Albion fans rejoice. Seven years after leaving, Micky Adams has been given the chance to continue what he started.

The man responsible for returning success to the club will, if all goes well, lead them into the promised land that is Falmer with the team back in the Championship.

Re-wind to April 1999, on the first day of his first spell in charge of the Seagulls. Adams was paraded in a pro-Falmer T-shirt at Hove Town Hall as plans for the new stadium were unveiled.

Two and a half years later when Leicester, then in the Premiership, wanted him to become Dave Bassett's No. 2, it was too good an opportunity to turn down.

Falmer was still a million miles away and Adams could not afford to wait. He had to capitalise on his success with Albion.

Nobody blamed him, not chairman Dick Knight or an adoring fan base. It was not so much a divorce as an amicable split.

Friendships forged during Adams' glorious stint on the South Coast have endured and now the feisty little Yorkshireman is the right man in the right place at the right time.

On the face of it, Dean Wilkins has been harshly removed from his post after only 20 months at the helm, having just guided Albion into seventh place in League One in his first full season.

Flirting with the play-offs was a vast improvement on last year's poor showing, when the Seagulls were almost sucked in to a relegation battle. The bald statistics, as some of us have appreciated for some time, do not tell the whole story.

Wilkins is a brilliant, innovative coach. His fine work over a long period as youth coach, nurturing current first team regulars like Tommy Elphick, Dean Cox and Joel Lynch, won him many friends in high places within the club.

He was briefly promoted to first team coach two summers ago to placate major shareholder Tony Bloom, when Bloom launched a bid to oust Wilkins' managerial predecessor Mark McGhee following relegation from the Championship.

Wilkins, with no managerial experience, was thrown in at the deep end a couple of months later after McGhee was sacked.

The job title has always sat uncomfortably. Being manager is a much more wide-ranging role than coach, which plays to Wilkins' strengths - out on the training ground working with the players and talking tactics. Even experienced pros have learnt from him.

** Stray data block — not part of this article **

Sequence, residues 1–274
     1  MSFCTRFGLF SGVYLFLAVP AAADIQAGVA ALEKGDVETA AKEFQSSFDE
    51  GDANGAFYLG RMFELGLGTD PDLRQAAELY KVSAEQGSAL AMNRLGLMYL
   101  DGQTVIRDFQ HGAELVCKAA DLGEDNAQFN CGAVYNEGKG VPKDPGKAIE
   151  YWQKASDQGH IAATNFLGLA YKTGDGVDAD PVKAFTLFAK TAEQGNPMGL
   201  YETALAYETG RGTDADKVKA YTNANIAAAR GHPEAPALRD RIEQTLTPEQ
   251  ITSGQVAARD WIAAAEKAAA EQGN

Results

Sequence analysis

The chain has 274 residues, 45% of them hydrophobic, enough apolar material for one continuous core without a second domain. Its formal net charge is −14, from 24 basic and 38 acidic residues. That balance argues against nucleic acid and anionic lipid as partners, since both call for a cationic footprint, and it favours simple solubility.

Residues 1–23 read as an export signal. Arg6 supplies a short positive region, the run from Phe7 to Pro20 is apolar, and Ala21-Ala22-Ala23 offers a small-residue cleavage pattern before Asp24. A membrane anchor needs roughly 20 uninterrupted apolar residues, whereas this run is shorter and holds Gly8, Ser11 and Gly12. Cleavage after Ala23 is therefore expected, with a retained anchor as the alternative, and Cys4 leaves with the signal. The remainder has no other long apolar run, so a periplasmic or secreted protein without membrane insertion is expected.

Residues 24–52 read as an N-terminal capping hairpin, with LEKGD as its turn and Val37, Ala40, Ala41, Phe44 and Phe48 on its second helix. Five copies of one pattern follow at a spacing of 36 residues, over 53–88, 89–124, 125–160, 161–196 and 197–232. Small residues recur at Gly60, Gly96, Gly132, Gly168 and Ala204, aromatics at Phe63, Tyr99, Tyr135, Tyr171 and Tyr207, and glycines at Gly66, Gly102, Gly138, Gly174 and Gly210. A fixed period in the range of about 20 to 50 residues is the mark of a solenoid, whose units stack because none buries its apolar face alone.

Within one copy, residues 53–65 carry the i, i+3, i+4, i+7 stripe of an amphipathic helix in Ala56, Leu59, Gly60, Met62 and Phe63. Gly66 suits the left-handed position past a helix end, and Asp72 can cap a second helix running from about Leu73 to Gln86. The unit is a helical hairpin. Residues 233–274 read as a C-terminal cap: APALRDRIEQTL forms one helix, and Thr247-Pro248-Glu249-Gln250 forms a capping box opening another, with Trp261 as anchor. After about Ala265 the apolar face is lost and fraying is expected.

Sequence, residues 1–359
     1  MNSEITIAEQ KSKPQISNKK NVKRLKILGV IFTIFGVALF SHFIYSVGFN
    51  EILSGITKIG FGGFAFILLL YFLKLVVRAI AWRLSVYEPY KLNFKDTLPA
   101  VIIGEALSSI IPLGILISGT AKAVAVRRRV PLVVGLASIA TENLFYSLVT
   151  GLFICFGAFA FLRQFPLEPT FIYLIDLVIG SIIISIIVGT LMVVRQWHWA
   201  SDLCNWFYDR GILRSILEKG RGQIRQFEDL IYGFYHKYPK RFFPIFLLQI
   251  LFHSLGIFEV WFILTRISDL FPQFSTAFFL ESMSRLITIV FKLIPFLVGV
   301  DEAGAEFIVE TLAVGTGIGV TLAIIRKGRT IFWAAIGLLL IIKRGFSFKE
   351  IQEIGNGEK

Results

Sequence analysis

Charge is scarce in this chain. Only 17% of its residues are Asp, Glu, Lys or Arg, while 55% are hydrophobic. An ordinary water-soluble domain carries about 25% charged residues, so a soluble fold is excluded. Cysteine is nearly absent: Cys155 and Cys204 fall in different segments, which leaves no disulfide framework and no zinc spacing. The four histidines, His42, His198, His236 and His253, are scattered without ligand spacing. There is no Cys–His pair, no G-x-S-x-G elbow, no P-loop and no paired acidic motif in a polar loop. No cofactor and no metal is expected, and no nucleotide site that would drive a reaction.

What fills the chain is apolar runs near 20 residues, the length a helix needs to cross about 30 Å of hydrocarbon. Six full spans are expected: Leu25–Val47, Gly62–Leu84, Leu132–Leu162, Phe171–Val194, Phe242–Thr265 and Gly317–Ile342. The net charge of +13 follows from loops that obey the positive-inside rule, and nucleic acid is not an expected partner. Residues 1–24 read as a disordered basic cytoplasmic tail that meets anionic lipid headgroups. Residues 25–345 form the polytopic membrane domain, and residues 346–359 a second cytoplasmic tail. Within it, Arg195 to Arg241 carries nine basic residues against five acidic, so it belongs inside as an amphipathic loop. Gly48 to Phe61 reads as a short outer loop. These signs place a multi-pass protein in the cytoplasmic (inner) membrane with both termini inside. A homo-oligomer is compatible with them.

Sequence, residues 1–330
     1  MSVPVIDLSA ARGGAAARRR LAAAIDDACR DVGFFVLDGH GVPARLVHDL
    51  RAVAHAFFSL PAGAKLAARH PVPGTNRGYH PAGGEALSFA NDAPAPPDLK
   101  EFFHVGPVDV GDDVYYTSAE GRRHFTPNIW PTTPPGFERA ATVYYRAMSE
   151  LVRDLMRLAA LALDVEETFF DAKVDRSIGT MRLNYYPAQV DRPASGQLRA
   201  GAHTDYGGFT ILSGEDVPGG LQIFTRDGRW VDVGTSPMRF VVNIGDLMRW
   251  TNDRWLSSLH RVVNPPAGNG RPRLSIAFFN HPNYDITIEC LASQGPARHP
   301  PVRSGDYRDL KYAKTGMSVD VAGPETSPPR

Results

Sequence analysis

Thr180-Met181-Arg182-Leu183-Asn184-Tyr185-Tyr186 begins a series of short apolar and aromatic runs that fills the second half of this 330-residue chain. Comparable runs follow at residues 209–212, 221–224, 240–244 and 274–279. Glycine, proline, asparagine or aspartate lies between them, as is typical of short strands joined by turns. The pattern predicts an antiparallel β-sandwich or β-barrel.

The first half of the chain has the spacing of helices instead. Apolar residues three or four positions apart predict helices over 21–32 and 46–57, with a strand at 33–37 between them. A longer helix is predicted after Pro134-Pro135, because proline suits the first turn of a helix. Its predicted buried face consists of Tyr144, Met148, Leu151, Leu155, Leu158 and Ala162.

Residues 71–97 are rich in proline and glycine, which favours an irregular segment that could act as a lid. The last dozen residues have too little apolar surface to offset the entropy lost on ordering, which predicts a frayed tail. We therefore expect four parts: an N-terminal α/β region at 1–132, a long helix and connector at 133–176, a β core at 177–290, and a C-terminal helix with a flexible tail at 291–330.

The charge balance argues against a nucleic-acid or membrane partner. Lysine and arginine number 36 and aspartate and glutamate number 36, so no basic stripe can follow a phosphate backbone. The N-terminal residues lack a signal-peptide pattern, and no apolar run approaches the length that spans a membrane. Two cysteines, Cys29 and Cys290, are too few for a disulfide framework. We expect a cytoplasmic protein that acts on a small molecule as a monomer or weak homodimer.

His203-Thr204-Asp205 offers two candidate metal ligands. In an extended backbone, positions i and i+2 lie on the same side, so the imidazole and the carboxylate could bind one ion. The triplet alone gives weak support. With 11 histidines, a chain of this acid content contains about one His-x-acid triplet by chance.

He has struggled with other aspects of the role, such as dealing with players and their agents in contract negotiations, player recruitment and the media.

He has been a square peg in a round hole. Becoming coach again makes the peg round.

We must all hope that, once the understandable hurt and anger subsides, he says yes' to the challenge. Knight wants him to stay, so does Adams.

At this difficult time for him, Wilkins can take a lead from Martin Hinshelwood, who worked alongside him for many years as director of youth. Hinshelwood became manager for a very brief spell. He is still at the club, continuing his good work as director of football.

Meanwhile, Adams will immediately set about the task of restoring Albion to the Championship. A lot of water has gone under the bridge since he was last here and it will not be easy.

Sceptics will point to the old adage that you should never go back and refer to Alan Mullery's unhappy second stint at the club.

That was different. When Mullery returned Albion were on a downward spiral. Adams rejoins with the Seagulls in a healthier state than when he launched their renaissance.

There are plenty of examples, too, of managers thriving second time around. One of them is very fresh and poignant.

Adams has been scouting for the last few months for my beloved Stoke City. Tony Pulis, in his second stint in charge, has just guided them back into the top flight of English football after a 23-year gap.

After they were promoted on Sunday I sent Adams a text. It said that Stoke must have a great scouting network. "You are not wrong," he replied with his mischievous sense of humour.

Little did I know that our occasional conversations are about to become much more regular again.

It was a bumpy ride for a while first time around but he knows his stuff, knows what management is all about after a dozen years worth of experience with seven different clubs.

On behalf of Albion fans, Micky, welcome back.